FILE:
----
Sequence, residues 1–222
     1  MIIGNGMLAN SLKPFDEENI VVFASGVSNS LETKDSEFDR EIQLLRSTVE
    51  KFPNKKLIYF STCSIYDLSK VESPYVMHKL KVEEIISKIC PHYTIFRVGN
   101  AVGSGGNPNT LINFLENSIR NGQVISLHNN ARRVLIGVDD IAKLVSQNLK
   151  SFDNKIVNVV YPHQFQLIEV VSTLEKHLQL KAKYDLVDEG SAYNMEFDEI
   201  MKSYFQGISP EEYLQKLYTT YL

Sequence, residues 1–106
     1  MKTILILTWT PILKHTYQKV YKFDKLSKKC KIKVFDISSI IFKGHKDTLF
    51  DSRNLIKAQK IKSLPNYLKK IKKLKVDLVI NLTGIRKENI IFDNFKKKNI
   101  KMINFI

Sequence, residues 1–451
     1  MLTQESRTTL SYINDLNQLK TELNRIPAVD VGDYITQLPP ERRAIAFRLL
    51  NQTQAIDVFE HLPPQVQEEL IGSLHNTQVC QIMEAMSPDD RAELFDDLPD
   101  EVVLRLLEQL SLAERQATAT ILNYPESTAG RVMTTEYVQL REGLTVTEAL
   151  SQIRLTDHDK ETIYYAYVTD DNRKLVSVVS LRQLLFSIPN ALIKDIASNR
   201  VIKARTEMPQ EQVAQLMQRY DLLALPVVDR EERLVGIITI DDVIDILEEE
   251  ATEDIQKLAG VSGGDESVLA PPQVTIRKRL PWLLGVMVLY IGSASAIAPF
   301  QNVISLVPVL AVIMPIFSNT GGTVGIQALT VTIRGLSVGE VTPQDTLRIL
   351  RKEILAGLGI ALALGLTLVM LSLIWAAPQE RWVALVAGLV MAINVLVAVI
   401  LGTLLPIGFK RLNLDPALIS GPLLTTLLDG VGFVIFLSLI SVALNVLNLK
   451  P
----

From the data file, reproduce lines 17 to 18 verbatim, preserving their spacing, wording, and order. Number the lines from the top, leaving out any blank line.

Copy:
   251  ATEDIQKLAG VSGGDESVLA PPQVTIRKRL PWLLGVMVLY IGSASAIAPF
   301  QNVISLVPVL AVIMPIFSNT GGTVGIQALT VTIRGLSVGE VTPQDTLRIL